Mike Swanson, though having been aboard Microsoft for more than 11 years, has created a plugin for Adobe Ilustrator that resembles a good wine. The older it gets, the better it grows to be. More than two years ago, still employed at the Redmond company, Swanson pushed out the first version of AI -> Canvas. At that time HTML5 canvas was already of some prominence, but who would have dared to use the element in production environments? Today things look different, entirely different…



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  • 50+ Fascinating Promotional Booklets to Inspire

    No digital format can compare to the unique impression that printed materials leave with an audience. In today’s era of computers and mobile devices, an excellent way for businesses to stand out is by printing booklets or other materials such as posters and postcards. In fact, an article on the PrintPlace.com blog points out that readers are much more engaged when reading print materials than when reading digitally. If you want your target audience to slow down and notice your products or portfolio in more details, then a promotional booklet may be your answer.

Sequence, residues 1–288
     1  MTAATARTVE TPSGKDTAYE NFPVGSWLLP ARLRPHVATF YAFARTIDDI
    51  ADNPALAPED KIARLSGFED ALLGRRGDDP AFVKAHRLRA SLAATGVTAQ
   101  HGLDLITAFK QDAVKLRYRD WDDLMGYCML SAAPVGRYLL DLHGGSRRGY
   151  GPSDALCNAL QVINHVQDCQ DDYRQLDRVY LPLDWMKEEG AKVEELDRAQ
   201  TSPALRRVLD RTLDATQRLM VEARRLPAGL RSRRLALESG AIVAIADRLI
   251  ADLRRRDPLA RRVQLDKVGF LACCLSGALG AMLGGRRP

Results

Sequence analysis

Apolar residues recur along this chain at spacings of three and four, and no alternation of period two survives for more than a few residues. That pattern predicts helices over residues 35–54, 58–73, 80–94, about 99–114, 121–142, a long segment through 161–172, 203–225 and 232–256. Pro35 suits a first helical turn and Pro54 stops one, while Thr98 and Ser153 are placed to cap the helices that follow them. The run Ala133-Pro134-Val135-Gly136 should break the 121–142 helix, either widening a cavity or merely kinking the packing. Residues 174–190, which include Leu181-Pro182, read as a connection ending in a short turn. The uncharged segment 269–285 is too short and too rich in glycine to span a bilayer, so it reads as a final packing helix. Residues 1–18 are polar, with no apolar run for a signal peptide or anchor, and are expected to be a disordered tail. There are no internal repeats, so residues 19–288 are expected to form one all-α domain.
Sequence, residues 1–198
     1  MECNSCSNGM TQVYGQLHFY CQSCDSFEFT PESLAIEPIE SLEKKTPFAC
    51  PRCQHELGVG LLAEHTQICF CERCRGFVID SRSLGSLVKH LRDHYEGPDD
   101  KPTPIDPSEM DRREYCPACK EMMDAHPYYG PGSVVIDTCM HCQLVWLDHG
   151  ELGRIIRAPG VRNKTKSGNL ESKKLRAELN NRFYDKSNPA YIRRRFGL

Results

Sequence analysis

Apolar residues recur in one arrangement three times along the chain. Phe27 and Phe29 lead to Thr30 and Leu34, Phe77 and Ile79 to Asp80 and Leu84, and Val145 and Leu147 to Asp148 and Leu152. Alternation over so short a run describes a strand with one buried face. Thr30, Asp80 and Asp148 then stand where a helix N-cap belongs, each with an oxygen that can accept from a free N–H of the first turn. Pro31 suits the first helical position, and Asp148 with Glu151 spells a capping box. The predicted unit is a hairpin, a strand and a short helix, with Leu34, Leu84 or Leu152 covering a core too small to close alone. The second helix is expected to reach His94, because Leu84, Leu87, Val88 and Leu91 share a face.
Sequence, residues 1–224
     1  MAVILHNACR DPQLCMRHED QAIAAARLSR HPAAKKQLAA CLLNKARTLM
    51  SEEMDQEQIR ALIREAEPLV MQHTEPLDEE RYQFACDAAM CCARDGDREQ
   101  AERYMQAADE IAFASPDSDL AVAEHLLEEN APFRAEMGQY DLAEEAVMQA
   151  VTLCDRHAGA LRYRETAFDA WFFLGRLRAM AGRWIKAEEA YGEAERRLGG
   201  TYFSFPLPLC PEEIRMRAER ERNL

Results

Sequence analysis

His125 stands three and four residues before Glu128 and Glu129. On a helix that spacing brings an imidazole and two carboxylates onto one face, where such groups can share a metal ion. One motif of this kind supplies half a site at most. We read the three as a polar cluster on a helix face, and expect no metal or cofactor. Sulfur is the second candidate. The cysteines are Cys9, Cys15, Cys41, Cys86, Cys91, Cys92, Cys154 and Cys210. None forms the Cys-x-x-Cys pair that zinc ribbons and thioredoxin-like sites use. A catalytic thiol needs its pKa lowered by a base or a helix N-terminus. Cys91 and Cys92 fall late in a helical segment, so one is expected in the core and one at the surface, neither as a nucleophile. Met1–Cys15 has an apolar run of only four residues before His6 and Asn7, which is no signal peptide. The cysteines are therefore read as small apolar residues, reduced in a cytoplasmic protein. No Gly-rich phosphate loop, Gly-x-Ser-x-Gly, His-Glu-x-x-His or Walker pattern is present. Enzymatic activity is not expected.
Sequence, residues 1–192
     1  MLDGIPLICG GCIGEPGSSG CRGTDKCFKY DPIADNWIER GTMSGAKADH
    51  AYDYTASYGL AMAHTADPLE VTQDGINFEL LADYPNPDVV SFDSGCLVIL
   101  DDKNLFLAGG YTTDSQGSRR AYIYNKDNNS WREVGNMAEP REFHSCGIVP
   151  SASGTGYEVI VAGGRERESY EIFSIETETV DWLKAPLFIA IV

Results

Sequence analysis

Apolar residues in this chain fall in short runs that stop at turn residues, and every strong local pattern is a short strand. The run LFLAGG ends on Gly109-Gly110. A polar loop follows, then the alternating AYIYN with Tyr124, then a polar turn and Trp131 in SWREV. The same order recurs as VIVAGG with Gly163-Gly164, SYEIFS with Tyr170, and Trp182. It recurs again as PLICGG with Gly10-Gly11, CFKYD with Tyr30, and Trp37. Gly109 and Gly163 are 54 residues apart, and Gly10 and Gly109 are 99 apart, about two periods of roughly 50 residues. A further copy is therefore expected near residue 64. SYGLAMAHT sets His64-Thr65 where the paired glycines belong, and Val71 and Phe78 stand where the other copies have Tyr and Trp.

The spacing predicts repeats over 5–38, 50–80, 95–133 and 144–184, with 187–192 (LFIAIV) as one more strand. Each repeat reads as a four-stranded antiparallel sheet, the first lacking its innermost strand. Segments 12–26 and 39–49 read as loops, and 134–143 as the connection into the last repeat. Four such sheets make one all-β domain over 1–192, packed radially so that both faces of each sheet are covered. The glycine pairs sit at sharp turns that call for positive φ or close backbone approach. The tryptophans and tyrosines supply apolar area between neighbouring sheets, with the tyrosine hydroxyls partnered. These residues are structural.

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  • The Psychology of Business Card Design

    We know you! We know that you are keen to know everything about business cards. At least that’s what Google Analytics tells us. You like design templates, sample designs for inspiration purposes and engage in games where you can win sets of cards of your own. This is why we’d like to point you to a brand-new infographic by our friends over at UPrinting. They know their ways around everything printable and have now put together some essential tips on the psychology of a business card. You will definitely want to take a look…



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  • Neither Graphics Nor Fonts! Icons In Pure CSS3 with One-Div.com

    Icons are becoming more and more common these days. Mobile clients are responsible for this trend as icons are most useful in environments where screen real estate is scarce. Icons help you find your ways around without needing too much text (if any). With the rise of higher density screens and rising resolutions it is preferrable to shift away from static icon imagery to vectorized icons that are able to scale to any desired size without pixelation or blurry looks. This requirement has initiated the rise of icon fonts. But wait, there is another possibility with its own advantages. Icons can be designed using pure CSS3 also…



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  • Lord Of The Rings: Ringmark Checks Mobile Browsers For HTML5 Capability

    HTML5, CSS3 and new JavaScript methods make mobile web apps possible that do not necessarily stand behind native apps for tablets and smartphones. But which mobile browsers on which devices are capable of performing modern HTML5 apps? The benchmark service Ringmark wants to help you find out.